Re R (Adoption: Disclosure)

[1999] 2 FLR 1123



Robin Barda


Family Division


The local authority care plan proposed that four of the seven children of the family should, in the long term, be placed in adoption if that could be achieved. The guardian, while fully approving the making of a care order, was throughout very strongly opposed to any adoption proposal within the care plan, having regard to certain unusual features of the case. The authority did not inform the panel of the guardian’s views. The question arose whether the Adoption Agencies Regulations 1983 imposed an obligation on the local authority, acting as an adoption agency, to disclose to its adoption panel the views of the guardian.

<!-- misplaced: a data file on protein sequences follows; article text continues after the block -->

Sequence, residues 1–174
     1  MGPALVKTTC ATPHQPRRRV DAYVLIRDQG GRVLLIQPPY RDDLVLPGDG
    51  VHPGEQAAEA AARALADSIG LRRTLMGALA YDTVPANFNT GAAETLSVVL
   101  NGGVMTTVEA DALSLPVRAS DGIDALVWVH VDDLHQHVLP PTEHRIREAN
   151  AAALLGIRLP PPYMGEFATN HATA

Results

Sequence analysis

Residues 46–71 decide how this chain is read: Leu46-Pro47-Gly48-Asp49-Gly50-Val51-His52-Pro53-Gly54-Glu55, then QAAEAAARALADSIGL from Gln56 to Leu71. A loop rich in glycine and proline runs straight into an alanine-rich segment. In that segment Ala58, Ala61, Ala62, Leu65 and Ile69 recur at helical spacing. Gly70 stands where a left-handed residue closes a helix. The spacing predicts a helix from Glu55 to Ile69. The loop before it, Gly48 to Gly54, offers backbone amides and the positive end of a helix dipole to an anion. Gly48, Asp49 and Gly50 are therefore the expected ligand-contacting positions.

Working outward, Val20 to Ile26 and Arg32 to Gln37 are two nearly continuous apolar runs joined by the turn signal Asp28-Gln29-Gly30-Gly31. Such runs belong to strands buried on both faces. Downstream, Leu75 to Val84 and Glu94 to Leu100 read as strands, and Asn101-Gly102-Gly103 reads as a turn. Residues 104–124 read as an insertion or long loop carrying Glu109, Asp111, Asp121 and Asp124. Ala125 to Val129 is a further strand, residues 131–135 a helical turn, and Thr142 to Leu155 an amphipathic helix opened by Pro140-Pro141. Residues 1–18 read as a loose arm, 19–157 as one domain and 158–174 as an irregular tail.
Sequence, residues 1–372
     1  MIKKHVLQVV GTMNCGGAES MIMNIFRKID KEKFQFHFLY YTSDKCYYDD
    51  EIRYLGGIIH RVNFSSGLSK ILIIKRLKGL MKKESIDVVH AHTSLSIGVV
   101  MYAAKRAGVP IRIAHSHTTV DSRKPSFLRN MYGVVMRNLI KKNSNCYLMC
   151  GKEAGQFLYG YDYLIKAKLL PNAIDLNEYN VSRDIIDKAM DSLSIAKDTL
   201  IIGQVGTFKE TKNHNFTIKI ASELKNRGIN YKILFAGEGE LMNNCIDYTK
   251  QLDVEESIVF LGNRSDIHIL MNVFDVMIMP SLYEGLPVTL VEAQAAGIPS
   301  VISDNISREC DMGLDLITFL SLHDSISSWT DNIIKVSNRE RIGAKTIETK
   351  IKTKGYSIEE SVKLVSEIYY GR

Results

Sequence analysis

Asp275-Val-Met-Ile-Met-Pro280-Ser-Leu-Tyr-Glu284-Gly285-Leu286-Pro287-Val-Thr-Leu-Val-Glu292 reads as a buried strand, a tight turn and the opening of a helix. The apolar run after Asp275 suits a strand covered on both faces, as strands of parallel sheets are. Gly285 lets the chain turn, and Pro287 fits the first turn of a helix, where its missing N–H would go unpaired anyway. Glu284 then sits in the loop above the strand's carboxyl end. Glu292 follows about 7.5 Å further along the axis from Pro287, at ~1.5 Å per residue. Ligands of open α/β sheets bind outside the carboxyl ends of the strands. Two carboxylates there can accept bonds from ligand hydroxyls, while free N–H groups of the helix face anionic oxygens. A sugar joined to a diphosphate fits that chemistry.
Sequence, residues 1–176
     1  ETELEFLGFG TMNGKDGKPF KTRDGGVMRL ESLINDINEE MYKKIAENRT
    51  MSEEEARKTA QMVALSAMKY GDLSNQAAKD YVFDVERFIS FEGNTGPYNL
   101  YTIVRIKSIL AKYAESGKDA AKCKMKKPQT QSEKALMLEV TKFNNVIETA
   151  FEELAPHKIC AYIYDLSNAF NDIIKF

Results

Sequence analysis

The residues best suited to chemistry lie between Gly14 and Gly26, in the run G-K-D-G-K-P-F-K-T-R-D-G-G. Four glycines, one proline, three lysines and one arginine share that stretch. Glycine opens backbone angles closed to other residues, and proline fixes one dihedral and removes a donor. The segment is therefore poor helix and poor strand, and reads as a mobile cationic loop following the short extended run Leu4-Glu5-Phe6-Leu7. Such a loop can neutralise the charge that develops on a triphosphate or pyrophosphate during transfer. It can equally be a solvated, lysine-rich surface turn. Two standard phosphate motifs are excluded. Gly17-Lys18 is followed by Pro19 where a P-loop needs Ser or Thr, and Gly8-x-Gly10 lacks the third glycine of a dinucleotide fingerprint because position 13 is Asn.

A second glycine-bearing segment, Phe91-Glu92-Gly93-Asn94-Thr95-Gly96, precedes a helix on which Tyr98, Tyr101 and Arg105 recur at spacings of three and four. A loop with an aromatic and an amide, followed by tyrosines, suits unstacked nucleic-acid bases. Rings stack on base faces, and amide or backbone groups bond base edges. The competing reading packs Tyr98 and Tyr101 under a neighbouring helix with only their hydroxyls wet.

Held – the regulations required the adoption agency to give the panel a written report containing ‘any information relevant’, and such information must include the views of other professionals who had been involved in considering the future of the children. Therefore an adoption agency should state the views of the guardian ad litem, if then known, within its written report to the panel. Further, if the guardian had not by then formulated any final views, the panel should be informed of this negative fact as part of the relevant information. The panel was entitled to request further information from the adoption agency, such as the views of the guardian as and when formulated, under reg 10(3) of the 1983 regulations, and reg 9(4) obliged the adoption agency to comply with such a request so far as was reasonably practicable. However, the guardian’s report could not be disclosed to the panel without prior authority of the court, and if the panel wished to see the guardian’s report, then it would have to request that the local authority supply it, and the local authority, if it considered that the report should be disclosed, would then have to apply for leave to disclose. In most cases this could be achieved by a paper application. If such disclosure was to take place the report would then be subjected to such anonymity as was appropriate. The adoption panel did not have to allow the guardian to attend the panel or make oral submissions.


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